He is already the BBC’s highest paid star. Now Jeremy Clarkson is set for a £5million windfall after the Corporation bought out his stake in his production company.
The Top Gear presenter set up Bedder 6 five years ago with the show’s executive producer, Andy Wilman, to exploit the programme’s global brand.
Together the pair owned half the firm, while BBC Worldwide owned the other half. But now Clarkson and Wilman have given the BBC full control.
It is understood the total deal for both men is worth around $12 million. The money will come from the BBC’s commercial division.
Separately, Clarkson is believed to be paid an $800,000 talent fee by the BBC from the licence fee, which will remain fixed if the show continues until 2015.
In addition, Clarkson has signed a new deal with the corporation that will see him present Top Gear for another three years.
Bedder 6 has had huge success making money out of Top Gear merchandise, show tours, DVDs and international sales rights.
A BBC Worldwide spokesman said: ‘BBC Worldwide has agreed new commercial deals with Jeremy, James, Richard and Andy to secure Top Gear’s international future for another three years.
‘This agreement secures the commercial future of Top Gear without using a penny of licence fee money and allows us to continue to grow the brand around the world and return profits to the BBC.’
He caused controversy when it emerged that he earned $5 million in the year to March because of his stake in Bedder 6, as the company made pre-tax profits of $25 million and is estimated to be worth more than $70 million.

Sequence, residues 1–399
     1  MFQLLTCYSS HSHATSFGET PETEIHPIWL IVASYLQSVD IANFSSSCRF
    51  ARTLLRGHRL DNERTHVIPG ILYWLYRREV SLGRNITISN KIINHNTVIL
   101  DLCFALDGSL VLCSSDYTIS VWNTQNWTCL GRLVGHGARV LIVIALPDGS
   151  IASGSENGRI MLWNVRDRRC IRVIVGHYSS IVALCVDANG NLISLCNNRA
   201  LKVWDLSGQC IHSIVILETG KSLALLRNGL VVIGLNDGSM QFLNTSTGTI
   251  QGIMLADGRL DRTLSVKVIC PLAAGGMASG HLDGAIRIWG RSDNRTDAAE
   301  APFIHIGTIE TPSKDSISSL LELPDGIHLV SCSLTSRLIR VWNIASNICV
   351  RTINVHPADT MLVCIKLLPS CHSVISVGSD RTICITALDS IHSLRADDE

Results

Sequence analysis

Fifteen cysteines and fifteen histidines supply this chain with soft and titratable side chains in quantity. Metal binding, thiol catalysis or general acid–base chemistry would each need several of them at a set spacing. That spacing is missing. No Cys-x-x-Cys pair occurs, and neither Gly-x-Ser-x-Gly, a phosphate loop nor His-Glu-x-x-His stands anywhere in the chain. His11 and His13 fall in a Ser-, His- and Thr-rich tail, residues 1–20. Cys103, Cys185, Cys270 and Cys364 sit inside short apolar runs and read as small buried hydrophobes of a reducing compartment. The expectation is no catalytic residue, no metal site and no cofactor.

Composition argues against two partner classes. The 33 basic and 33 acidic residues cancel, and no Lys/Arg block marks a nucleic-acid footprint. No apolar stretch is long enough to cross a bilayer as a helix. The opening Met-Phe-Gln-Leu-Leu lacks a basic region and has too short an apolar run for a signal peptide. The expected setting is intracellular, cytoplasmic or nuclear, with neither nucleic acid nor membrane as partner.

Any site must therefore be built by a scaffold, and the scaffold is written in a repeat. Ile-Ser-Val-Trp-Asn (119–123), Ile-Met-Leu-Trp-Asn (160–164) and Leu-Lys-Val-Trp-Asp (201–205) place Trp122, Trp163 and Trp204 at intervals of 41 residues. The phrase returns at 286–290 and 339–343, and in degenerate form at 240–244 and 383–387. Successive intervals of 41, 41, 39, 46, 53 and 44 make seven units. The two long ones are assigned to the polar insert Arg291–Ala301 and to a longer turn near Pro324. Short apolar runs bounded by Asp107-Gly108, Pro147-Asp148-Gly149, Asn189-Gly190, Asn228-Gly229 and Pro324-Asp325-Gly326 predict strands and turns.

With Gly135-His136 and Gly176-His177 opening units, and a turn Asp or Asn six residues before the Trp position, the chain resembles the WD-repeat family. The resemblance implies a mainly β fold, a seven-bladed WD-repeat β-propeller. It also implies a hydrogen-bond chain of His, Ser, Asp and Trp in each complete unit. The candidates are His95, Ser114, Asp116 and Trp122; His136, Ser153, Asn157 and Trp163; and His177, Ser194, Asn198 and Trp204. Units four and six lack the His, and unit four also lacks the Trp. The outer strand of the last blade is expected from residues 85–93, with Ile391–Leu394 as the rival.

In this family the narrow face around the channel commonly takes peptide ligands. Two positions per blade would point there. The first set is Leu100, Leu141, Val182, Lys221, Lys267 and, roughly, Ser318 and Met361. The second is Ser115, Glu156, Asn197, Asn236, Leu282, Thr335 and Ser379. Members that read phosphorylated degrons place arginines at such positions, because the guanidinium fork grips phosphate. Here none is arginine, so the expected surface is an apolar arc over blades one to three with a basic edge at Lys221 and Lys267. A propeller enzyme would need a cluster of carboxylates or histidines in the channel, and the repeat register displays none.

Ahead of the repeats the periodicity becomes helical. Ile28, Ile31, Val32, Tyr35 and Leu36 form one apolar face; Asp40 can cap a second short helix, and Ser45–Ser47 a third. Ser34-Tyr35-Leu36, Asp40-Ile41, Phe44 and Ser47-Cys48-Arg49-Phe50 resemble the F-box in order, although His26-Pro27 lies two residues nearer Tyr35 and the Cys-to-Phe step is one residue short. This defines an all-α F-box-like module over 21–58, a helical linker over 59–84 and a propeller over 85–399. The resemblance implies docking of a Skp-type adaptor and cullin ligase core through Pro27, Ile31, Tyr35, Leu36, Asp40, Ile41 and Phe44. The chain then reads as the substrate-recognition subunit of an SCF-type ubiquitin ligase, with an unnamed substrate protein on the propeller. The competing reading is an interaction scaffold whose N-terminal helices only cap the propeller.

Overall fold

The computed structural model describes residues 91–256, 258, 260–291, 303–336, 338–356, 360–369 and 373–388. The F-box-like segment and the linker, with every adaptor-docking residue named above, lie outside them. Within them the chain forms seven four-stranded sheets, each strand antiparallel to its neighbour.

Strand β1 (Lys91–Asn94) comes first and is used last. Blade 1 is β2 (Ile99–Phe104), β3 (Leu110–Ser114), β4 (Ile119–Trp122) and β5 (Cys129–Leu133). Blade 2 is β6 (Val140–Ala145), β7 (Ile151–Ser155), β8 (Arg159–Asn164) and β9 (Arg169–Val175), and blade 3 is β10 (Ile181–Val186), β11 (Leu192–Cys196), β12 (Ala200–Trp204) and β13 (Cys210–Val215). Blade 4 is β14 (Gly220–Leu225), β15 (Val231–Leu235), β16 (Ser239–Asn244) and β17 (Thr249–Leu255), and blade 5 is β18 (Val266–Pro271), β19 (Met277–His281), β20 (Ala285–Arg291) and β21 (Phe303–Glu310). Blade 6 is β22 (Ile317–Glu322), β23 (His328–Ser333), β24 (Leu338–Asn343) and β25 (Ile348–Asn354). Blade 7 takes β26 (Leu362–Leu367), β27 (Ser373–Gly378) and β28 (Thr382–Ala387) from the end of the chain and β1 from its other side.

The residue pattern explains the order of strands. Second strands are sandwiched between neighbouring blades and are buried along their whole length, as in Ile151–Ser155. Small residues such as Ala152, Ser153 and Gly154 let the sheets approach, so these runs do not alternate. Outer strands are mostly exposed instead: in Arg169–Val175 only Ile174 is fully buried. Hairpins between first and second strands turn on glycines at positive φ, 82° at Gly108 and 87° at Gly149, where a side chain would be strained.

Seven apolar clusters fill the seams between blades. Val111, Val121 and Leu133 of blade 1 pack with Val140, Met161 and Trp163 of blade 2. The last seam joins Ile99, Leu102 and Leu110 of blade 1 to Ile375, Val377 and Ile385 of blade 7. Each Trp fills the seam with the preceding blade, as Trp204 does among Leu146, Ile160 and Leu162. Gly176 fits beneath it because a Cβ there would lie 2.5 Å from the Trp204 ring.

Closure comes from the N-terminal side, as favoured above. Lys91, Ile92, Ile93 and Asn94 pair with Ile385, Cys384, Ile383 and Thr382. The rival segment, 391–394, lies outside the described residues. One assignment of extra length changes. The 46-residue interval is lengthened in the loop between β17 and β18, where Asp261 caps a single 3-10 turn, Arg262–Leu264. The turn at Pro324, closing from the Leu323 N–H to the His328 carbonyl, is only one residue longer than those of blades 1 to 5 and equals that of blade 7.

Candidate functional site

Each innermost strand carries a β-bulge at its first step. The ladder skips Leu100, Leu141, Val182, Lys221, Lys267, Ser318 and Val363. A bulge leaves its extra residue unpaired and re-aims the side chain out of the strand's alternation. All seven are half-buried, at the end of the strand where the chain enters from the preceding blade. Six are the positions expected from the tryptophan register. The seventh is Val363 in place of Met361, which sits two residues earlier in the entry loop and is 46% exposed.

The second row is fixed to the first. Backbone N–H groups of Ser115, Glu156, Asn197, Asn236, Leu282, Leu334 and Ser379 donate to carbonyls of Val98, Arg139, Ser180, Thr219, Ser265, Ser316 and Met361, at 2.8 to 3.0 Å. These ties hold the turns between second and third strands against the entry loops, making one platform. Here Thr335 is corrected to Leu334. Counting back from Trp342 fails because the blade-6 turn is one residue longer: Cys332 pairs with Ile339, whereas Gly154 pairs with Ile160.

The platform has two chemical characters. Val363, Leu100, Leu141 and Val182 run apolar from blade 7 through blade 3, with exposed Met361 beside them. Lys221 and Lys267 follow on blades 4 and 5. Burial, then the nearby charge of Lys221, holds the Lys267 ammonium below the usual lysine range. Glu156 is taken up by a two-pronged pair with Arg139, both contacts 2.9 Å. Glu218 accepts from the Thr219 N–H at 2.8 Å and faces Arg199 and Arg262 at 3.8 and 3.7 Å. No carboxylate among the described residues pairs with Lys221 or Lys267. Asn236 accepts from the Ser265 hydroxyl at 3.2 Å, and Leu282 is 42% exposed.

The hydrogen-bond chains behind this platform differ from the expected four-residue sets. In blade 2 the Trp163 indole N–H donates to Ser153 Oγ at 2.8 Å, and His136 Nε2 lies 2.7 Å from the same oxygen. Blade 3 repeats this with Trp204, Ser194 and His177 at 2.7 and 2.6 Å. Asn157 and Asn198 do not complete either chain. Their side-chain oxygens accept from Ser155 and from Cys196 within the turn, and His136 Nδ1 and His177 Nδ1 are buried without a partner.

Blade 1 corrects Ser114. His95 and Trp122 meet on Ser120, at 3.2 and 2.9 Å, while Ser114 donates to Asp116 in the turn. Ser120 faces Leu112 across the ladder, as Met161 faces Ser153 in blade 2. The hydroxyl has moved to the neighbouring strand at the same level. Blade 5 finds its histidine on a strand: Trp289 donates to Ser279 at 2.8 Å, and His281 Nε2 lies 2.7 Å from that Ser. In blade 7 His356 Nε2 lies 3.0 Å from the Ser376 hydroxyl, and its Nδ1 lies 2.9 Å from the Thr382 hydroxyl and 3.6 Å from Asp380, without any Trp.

It has had huge success making money out of merchandise, show tours, DVDs and international exploitation of the show.
But Clarkson and Wilman, who have been friends since their schooldays, resigned earlier this month, and BBC Worldwide now have total ownership of the company.
Publicly the corporation is saying it cannot say how much the pair have paid for their stakes, but insiders say it is below £10 million.
Clarkson will still get a share of Top Gear commercial revenue generated by the show, in return for promoting the show worldwide.
His fellow presenters also signed a three-year deal with BBC Worldwide, suggesting that they will continue to work on the show until 2015, and will also receive money from commercial activities, in addition to the talent fee.
The money will be paid to them directly rather than through a private company.
Clarkson and Wilman’s windfalls because of Top Gear’s success have left many at the BBC uncomfortable as the organisation attempts to make cutbacks.
by Debbie Dot